There are contemporary actors who excite Gossett as well, he adds. “Every now and then, a George Clooney will come up and make me right. Maybe the Brad Pitts will come up with something relevant. So it’s there. The Johnny Depps – I don’t call him Johnny Depp, I call him ‘Johnny Depth,’ because he’s a brave actor, a brilliant brave actor, and he’s going to be around for quite a long time. I’ve been watching him on the screen and watching him grow. There are a lot of these young actors and actresses like that. My favorites I go out of my way to see. Cate Blanchett comes out of the theatre. Meryl Streep, obviously. Meryl Streep is just brilliant. You mention her name, even if it’s just the telephone book, I’m going to come see it. Christopher Plummer is another one. So you see the difference. And I pray that some of that rubs off on our young, to revere this as an art, not a business, so that the stuff that they do that’s on the screen can come off the shelf year in and year out and still be relevant.”
Speaking of brave actors, have there been any roles that initially scared Gossett? “Oh, yeah,” he replies. “ENEMY MINE. All the actors turned it down, because they couldn’t see your face. Five or six hours of makeup. But there’s a challenge involved. I like challenge. It brings everything out in you. To fail at something difficult, to survive in something that’s just easy you can phone in. I like to stretch. ENEMY MINE is now a classic, it [has] a cult. But it was as difficult to play a Marine – I was older than [the rest of the cast] were, to get my body in shape for that was difficult. But there’s your success, there’s your stretch.”
In preparing to play U.S. Navy drill sergeant Emil Foley in AN OFFICER AND A GENTLEMAN, did Gossett have anyone yelling at him the way his character yelled at Richard Gere’s new recruit? Gossett laughs. “I had a trainer who was very nice, but he may as well have been yelling, because I couldn’t say no.”
Film and television technology has changed hugely since Gossett began his career. Have the changes helped or hindered him? “Well,” he muses, “there’s a challenge for me in a sense that it’s high-definition, and it’s these little cameras that can see every pore of your face. So it’s a challenge – you can’t act as much. It’s got to be internal and real. You really have to do your homework. It’s got to be real, because people will know whether you’re lying, because you’re so close. It’s in your eyes, it’s in your thoughts. When a camera backs up and you do your action, that’s one thing, but performance-wise, acting-wise, it’s a brand-new style of that.”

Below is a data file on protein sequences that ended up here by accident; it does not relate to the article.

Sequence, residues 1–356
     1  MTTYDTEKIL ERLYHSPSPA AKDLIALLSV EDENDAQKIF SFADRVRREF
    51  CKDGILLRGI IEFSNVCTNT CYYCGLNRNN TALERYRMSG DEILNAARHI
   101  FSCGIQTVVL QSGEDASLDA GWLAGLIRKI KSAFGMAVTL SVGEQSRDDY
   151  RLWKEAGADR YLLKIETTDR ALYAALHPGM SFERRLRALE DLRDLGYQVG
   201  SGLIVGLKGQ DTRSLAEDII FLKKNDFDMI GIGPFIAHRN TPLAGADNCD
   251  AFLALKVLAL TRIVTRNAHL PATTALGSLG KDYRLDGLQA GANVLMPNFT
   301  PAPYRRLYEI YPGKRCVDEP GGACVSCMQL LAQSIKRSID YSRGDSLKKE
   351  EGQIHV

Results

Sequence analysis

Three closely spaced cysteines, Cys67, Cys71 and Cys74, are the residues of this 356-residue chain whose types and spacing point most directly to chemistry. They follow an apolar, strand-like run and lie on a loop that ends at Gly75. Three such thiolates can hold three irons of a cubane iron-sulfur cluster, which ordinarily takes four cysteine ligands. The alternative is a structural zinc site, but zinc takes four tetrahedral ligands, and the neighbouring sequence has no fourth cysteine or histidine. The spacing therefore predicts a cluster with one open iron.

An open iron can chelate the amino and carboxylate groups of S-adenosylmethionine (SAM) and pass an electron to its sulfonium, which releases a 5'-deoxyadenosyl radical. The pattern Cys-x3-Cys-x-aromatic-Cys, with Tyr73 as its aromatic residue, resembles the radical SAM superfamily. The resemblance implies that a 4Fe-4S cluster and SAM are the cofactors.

The industry itself has also changed, both as a whole and for Gossett personally. How much of that change does he think has to do with technology, how much is the material, and how much is due to his own status within the industry?
“Oh, boy,” Gossett replies. “That’s a loaded question. But it’s changed in all three ways. It’s changed because it’s a business now and it needs to keep its audience. The ratio had dipped a little bit, so we got our audience back, a young audience. We cater to them, especially in the summer, we make it very adventuresome and exciting for them to come [to the movies and the TV screen] and talk about it, so there’s a lot of stuff, especially in the summer, a lot of action and technology. Very expensive. Then it’ll calm down a little in September and October, and you’ll see some relevance. You’ll see George Clooney come out and Meryl and Cate Blanchett and those people. So it’s a bit of both. I think that the industry has grown, but the better explanation is that it has expanded. It’s all on television, it’s a proliferation of all kinds of stuff. I’d like to see more of the history of the minorities, since there are more people in this country than there are [productions about them], just the way it started to be represented, there’s a hunger there to see relevant stories about the African-Americans and about the Latinos, because we have some relevant, important citizens to identify, especially on television. And I think we’re going in that direction. We’re growing. The sensitivity of the artist in the business always wind up after the fact making the right decision.”